Coffee has been a trademark of the United States since, prior to the Revolutionary war in the 1700’s. It’s addictive substance, roasty taste and velvety texture has spawned chic coffee shops for, maybe, twenty or thirty years. Ever since Starbucks inception, it’s hard not to find a D.C yuppie, hipster, bro or DMV-metro sexual without their cup of joe at the crack of rush hour.
I can’t even bare a day sans my usual morning brew. On the contrary, a semi-recent jolt in coffee prices due to an increasing demand (globalization, poor growing conditions, intense demand from commodities markets) for these yummy coffee beans has spiked prices for growers, retailers and to us consumers.
One would think that this increasing spike would decrease coffee demand but, alas, that’s not really the case.
Brands like Starbucks and Carribou coffee market their brand to upper middle to rich class consumers–kinda obvious since coffee sizes range from grande (spanish) and venti ( Italian) and because barristas concoct blends like mocha frappaccinnos with extra foam plus coconut sprinkles.
After Starbucks and its’ competitors like Carribou started popping across the nation, other chains wanted to get in on the action. McDonalds, 7-eleven, Dunking Donuts, and a slew of other companies have exploded this coffee war. Because of this explosion, a threshold was open to middle and working class demographics to get into haute-coffee thanks to these aforementioned fast food chains.
Given the nasty downfall of this recession on millions of people — poverty rate has increased to 46 million, not including people on welfare– consumers ranging from working to even upper class want cheaper coffee in the mornings.
Though coffee prices may have hit a permanent jolt, it doesn’t meant that demand isn’t transparent. It’s there but more consumers are frugal with their day-to-day purchases.
Now the big question to ask is where do you buy the cheapest cup of coffee in the United States? If you are a penny-pinching consumer and have been wary about what kind of morning coffee to invest in then this is the right article for you.
On the other hand, if this recession has given you a surplus of cash for you to expend on frivolous commodities and you never buy anything less than a venti at Starbucks, than this article may not be the right read for you.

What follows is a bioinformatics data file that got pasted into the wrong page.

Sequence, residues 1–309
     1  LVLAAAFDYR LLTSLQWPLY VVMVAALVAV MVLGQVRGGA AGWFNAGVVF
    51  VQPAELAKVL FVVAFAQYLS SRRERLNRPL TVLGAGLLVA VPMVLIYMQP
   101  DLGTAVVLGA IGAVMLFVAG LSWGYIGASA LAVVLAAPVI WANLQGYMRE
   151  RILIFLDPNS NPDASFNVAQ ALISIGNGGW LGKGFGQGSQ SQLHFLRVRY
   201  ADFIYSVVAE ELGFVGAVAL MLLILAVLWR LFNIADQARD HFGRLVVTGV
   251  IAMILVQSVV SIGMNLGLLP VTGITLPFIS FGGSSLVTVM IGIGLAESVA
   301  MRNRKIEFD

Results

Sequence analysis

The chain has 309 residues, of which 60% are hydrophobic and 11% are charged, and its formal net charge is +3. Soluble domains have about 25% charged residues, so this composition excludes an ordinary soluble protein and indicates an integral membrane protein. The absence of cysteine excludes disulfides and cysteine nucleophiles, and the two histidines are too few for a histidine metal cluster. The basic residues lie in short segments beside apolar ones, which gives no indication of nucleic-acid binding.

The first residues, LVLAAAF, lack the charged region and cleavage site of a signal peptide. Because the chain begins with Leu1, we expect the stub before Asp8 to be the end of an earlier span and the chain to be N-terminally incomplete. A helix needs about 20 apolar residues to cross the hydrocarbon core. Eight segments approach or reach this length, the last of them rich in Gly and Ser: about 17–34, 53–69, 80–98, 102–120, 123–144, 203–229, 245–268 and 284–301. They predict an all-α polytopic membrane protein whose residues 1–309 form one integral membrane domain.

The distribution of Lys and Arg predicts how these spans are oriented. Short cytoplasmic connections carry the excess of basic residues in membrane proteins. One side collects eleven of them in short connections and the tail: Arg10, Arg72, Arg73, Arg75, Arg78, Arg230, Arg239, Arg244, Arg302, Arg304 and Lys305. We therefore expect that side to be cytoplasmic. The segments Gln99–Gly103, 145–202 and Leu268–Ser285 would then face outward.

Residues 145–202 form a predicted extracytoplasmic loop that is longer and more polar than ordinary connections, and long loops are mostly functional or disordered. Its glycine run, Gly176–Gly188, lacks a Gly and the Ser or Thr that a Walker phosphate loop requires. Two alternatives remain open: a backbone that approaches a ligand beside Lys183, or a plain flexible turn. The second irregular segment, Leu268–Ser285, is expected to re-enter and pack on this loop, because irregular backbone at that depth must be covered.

If this is the case, please check out my past entries on ginger seals and The Golden Girls. I hope these entries gives you a good chuckle in the morning, after you take that long nice sip of that super foamy chai latte spiced with enough nutmeg for your pleasure.
Cheap Coffee Rank
1.) Panera– For $1.60 you can get a small cup of light roast, hazelnut, normal or dark roasted coffee. Though I stop by there sometimes–they make the best cinnamon crunch bagel–I don’t recommend buying coffee from here. It’s overpriced in comparison to its competition.
2.) Starbucks— You would think that spending $1.50-1.60 on a tall pike roast is a great deal but really, you are short changing yourself. If you like coffee that gives you a burnt aftertaste and sucks up to 50-60 cents from your daily budget, then by all means, just buy Starbucks brand coffee. Yet, if you want to save more than half a dollar and drink better tasting coffee, just drive away from Starbucks and go somewhere else.
3.) Caribou Coffee— I am a huge fan of Caribou coffee. Nonetheless, a small cup of coffee ranges between $1.40-1.70 in the D.C/Maryland and Virginia area. This brand definites haute-cafe drinks since most drinks superbly blend chocolate, caramel and white chocolate coffee liquors into something only angels would drink up in heaven. As much as I love this brand, I don’t recommend it for severe penny-pinchers. In contrast, if you are a semi- cheap-skate and can splurge a few extra cents than this brand is a great morning investment.
4.)7-Elevan— BLAH! Seven-Eleven has nasty coffee. Though the price range for small is $1.30-$1.60 and is deemed frugal-worthy, it’s more water than coffee. The only perk with going there is that you can add different syrups: hazelnut, amaretto, irish cream, vanilla, etc; and try different blends: vanilla, bold, decaf, columbian, etc. I rather waste $1.50 on Starbucks then scale back and spend $1.30 on this murky blend of yuck.
5.) Dunkin Donuts— Jackpot! For only 99 cents (yeah, tax may surge the price) you get a small cup of coffee to complement the hustle and bustle of your busy morning. One caveat with this though is that they serve their small coffee in tiny cups. Darn! I highly recommend this coffee since Dunkin Donuts uses high quality coffee beans, consistently brews different blends, and customizes your coffee: for free. Yet, if you can’t live with just drinking a few drops of Dunkin Donuts coffee in the morning then you may need to traverse over to another brand.
6.) Burger King—Eh! You get a decent amount of coffee for 99 cents but it’s not freshly brewed. It also sometimes tastes like metal. I mean, if you are a fan of Seattles Best coffee than visit Burger King. If not, scroll down a bit farther to read up on the best morning coffee investment you can get…
7.) McDonalds—BEST MORNING COFFEE DEAL! For only 99 cents, you get a decent cup of coffee that tastes finely roasted, smooth and strong enough to jolt you into having a productive day at work. McDonalds has definitely spearheaded the coffee wars and has been usurping its competition, including Starbucks, with having the best tasting coffee around. There have been coffee tastings decked across the country and more consumers have preferred McDonalds coffee for its taste, size and quantity. Www.Sherryndaniel.com chooses McDonalds coffee as being the best deal you can get.
Do you disagree with this post? Or, do you know of a better place to buy a good cup of joe? Please comment below and tell me why you feel that way 🙂